As a frequent reader of Dennis Salazar’s blog, one of his comments caught my eye in his April 2 blog, Sustainable Packaging – “Less is More” at the International Housewares Show. It had to do with his thoughts on the three R’s and packaging trends in general, and packaging reuse in particular.
“While interest in recycling remains as strong as ever and reuse seems as elusive and misunderstood as it has ever been, packaging material reduction is going strong and was obvious everywhere at the show,” Dennis wrote. “Ironically, in many cases it was probably overlooked because the positive difference between current and previous packaging was NOT what was on display but, rather what was missing.”
The theme of the post was packaging reduction, but his thoughts about the ELUSIVE and MISUNDERSTOOD nature of reuse prompted me to ask him to elaborate. He was kind enough to respond.
“It is funny you zeroed in on that one line,” Dennis answered, “because as I wrote it, I realized I could have easily written an entire post just on what I was attempting to communicate in that single sentence.
“With now over six years selling packaging to the green market, I have concluded that the recycle and reduce are much easier concepts for consumers and companies to understand and more importantly to implement. Depending on the form of reusable packaging being considered, it can be very difficult to accomplish unless you have the text book perfect “closed loop” scenario.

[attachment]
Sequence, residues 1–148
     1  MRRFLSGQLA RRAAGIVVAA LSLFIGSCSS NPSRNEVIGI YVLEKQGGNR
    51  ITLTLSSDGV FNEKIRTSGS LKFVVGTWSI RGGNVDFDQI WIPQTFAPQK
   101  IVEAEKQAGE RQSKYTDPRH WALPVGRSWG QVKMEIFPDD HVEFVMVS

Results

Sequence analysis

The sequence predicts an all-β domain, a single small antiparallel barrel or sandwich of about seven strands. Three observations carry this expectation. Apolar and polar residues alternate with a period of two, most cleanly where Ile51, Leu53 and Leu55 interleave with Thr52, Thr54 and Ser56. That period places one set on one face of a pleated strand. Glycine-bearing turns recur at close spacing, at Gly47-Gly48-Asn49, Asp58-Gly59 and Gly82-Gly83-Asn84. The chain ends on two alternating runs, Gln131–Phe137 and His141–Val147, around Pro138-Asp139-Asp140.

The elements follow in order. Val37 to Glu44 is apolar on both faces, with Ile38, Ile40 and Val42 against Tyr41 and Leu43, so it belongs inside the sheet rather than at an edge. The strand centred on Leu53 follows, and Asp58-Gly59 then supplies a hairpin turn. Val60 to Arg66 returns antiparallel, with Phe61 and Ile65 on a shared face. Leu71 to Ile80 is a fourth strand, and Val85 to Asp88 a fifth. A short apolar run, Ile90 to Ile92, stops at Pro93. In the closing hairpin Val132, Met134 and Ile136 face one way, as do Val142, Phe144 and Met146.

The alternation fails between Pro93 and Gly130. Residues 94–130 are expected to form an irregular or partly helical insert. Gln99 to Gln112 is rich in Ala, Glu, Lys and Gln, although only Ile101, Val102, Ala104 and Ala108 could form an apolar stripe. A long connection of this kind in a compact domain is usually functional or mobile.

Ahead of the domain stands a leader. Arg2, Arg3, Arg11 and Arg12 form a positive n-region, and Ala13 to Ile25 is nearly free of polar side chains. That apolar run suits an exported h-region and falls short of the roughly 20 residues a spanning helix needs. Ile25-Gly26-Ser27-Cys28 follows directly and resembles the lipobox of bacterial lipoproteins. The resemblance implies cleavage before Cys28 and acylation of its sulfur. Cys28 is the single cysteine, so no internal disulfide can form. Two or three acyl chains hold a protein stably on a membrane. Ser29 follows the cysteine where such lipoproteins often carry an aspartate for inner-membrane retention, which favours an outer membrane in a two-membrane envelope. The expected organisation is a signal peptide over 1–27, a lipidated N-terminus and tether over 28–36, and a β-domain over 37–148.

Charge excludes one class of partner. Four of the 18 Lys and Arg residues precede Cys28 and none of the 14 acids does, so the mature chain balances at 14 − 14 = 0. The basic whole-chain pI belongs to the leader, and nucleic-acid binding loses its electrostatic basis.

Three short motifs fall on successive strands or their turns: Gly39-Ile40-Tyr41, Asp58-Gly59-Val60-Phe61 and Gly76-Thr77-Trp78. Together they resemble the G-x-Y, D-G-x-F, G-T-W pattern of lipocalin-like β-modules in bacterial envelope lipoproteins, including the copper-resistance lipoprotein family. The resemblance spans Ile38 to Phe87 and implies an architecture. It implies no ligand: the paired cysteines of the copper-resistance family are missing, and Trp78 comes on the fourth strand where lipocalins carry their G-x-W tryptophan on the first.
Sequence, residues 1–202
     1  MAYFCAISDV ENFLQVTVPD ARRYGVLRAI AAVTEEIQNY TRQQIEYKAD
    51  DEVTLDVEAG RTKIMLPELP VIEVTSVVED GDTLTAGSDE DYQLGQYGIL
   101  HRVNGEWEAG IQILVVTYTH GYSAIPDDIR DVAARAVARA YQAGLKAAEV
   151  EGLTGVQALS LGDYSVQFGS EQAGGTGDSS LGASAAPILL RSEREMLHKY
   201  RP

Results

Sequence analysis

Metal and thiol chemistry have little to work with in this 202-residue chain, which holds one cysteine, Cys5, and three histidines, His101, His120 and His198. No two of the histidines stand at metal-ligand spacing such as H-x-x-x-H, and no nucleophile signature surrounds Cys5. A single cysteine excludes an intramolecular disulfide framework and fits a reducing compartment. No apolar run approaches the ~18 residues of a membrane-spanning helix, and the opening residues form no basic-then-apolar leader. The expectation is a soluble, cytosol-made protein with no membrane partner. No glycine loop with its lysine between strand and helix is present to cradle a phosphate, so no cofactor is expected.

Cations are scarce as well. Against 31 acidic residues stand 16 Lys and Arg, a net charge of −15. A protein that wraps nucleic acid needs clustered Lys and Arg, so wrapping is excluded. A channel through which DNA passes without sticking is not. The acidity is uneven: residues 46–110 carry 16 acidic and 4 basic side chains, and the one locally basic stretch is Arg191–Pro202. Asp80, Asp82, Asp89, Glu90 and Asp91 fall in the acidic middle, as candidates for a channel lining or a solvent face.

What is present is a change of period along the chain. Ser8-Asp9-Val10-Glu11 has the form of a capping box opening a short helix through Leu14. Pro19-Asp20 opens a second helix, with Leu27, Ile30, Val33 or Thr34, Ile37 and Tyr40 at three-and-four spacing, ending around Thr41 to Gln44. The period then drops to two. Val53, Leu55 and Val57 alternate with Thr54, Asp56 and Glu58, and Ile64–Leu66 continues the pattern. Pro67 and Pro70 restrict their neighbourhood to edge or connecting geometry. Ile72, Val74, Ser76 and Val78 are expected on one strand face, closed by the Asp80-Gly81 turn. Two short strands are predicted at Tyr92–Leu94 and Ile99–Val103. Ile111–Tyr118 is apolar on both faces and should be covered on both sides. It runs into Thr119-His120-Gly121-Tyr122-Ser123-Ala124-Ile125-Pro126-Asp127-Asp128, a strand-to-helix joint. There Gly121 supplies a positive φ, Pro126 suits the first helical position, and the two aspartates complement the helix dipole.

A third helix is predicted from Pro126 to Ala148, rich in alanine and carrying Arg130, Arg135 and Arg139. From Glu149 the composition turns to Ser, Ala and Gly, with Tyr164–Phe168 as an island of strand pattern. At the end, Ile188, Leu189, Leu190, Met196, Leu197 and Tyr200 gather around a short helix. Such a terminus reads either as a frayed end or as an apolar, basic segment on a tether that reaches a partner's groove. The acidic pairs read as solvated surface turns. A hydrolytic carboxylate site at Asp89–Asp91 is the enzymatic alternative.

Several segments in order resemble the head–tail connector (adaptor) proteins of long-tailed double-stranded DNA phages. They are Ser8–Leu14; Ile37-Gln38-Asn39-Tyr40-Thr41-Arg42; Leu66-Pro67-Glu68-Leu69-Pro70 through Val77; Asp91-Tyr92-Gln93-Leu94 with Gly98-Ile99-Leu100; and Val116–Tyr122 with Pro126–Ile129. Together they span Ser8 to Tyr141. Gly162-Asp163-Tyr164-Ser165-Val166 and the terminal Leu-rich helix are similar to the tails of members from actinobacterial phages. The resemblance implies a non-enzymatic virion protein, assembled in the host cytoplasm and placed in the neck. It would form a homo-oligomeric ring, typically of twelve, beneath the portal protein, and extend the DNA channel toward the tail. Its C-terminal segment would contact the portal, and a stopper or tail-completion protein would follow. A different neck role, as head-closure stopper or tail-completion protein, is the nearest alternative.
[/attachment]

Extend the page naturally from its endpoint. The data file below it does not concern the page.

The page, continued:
“In addition, in some areas such as reusable plastic totes for example, buyers continue to compare a $1 corrugated box to a $30 plastic tote than can be used over one hundred times, on a “price per unit” rather than a “cost per use” basis. Simple math tells us the plastic container is a much more economical solution but someone has to explain the extraordinary negative financial impact a reusable container program startup may have this month or this quarter. In most cases I think we agree reusability is the best long term option but it can be complicated and most people and companies want the low hanging fruit that is quicker and easier to grasp.”
What are your thoughts?